A while ago, I wrote several posts on how to engage colleague who are struggling. This extends that discussion; its been on my mind. It is hard to talk to colleagues about their publishing struggles without eliciting their defensivness. So much is at stake, and they probably feel pretty bad about it.

It is important to remember that defensiveness is about feeling less-than. What may feel like an attack is really a form of defense. In order to prevent defensiveness, it is important to not come across as judgmental, and to talk about your own experiences. If a colleague appears defensive and angry, sometimes the best thing to say is "I am sorry." We don't lose "ego" by just apologizing, but they get to gain back the self-worth that was lost for the moment. 

Friday, May 13, 2016

Writing Challenge: The Old Unfinished Paper

We have have them. A paper (or papers) we started that died on the vine. Today, I want you to take a look at an old paper you started, and see what you have. You don't have to commit to it,  just read it and see what you think. Often, such old papers teach us things about the current work we are doing, and where we wish to go.

Wednesday, May 11, 2016

Summer Balance: An Exercise

Aw, summer. Congratulations colleagues in semester programs in the United States; you have made it to summer. I have a few more weeks to slug it out before my quarter-system colleagues and I are privileged with summer. I am teaching, but being that it is online, and service responsibilities disappear, its a much different (enjoyable!) pace and vibe.

A few posts ago, I explored the notion of "intentionality" and the need intentionally and consciously choose the type summer you wish to have. Here, I argue for the notion of balance. I am not going to tell you how to balance your time, but ask you to consider what balance would look like for you, and what issues you wish to balance.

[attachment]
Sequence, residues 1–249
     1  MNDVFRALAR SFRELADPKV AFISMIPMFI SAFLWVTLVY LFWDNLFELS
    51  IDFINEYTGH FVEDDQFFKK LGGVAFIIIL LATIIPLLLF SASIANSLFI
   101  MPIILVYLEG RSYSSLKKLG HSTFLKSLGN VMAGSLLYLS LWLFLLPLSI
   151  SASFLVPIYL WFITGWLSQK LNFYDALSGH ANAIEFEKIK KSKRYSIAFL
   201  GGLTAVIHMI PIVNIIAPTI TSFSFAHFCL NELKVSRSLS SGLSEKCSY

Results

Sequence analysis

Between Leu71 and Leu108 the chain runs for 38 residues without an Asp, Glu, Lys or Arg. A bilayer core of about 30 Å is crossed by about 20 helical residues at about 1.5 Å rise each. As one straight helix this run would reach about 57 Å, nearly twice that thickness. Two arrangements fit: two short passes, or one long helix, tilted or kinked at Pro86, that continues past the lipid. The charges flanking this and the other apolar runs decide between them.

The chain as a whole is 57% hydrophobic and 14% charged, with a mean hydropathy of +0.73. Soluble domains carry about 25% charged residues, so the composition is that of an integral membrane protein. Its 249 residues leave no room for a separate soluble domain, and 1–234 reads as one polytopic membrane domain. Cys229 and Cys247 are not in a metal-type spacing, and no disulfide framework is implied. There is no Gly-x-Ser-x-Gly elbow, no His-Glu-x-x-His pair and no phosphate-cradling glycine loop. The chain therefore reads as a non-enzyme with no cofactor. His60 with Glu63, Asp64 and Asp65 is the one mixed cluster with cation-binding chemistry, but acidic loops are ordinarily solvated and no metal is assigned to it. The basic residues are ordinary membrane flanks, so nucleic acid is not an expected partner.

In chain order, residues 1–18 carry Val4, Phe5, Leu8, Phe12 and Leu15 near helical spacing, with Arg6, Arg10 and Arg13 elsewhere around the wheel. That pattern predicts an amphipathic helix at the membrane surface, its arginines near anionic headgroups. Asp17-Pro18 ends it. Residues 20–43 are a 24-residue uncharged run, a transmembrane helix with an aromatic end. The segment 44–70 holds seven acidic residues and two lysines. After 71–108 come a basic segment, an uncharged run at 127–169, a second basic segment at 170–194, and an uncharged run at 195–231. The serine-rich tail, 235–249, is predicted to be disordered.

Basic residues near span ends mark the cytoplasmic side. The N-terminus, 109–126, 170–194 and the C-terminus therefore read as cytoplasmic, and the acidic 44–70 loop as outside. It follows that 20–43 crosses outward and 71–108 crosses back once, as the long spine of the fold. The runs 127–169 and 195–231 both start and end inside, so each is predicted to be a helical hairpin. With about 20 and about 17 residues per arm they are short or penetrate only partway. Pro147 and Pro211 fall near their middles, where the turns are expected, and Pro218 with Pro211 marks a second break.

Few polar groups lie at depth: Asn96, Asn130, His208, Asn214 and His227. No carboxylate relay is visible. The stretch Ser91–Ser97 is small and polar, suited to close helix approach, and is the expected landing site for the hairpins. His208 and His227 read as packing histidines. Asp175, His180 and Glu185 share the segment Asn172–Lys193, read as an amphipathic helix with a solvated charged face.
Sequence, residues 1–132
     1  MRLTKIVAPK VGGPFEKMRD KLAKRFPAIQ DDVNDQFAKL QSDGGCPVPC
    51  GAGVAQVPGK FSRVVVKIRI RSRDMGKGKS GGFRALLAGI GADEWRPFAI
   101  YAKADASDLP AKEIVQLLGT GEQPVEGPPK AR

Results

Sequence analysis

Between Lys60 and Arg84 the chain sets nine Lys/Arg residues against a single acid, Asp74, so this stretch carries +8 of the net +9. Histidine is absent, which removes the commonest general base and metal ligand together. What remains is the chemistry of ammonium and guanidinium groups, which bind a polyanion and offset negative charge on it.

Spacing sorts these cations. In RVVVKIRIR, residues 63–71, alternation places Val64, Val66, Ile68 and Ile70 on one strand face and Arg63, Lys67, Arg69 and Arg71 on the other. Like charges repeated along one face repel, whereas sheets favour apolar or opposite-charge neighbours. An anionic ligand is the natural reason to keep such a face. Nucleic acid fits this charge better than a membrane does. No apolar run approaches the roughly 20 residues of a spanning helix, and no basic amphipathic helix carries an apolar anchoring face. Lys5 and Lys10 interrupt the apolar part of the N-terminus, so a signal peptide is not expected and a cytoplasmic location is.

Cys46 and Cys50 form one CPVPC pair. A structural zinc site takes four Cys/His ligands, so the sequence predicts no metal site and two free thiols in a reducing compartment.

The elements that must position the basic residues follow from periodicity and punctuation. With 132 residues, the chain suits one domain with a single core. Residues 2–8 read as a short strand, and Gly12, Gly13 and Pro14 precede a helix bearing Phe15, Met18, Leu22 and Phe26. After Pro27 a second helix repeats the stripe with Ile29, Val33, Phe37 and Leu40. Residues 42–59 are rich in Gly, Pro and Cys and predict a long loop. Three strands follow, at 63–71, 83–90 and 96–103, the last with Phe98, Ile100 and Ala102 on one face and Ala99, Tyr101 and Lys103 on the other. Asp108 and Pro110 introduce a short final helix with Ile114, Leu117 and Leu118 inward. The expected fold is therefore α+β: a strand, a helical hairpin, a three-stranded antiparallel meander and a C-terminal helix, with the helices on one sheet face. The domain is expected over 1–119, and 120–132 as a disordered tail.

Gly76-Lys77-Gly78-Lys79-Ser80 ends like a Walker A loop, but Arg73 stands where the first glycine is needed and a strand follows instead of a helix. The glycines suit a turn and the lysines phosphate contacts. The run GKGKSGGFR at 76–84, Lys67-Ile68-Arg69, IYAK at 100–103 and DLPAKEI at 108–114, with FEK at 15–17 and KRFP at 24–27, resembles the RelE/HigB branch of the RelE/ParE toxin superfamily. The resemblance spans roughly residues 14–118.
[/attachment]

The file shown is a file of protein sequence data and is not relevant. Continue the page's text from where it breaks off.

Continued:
So, consider this an exercise. Do five to ten minutes of reflective writing on what balance this summer would (could, should??) look like?  What would it feel like? What would be the indicators (how would you know) that would demonstrate that you were in balance on most days. What supports or help would you need to achieve this balance?

Feel free to report back here :).

Tuesday, May 10, 2016

Summer Job Hunting Support Package!

Are you on the academic job market? Preparing to start your search? Are you prepared? Do you have the mentorship and coaching you need to thrive on the market?  Do you want to work with someone who has coached dozens of doctoral students and faculty and has helped them find positions that match their needs, values and desires? I have the coaching, psychotherapy, and academic skills and experience to help you approach your search with confidence!

I am offering a job-hunting preparation package which includes well over ten hours of coaching at far less than my normal rate.  If you know of anyone who is on the academic job-hunting market, do let them know!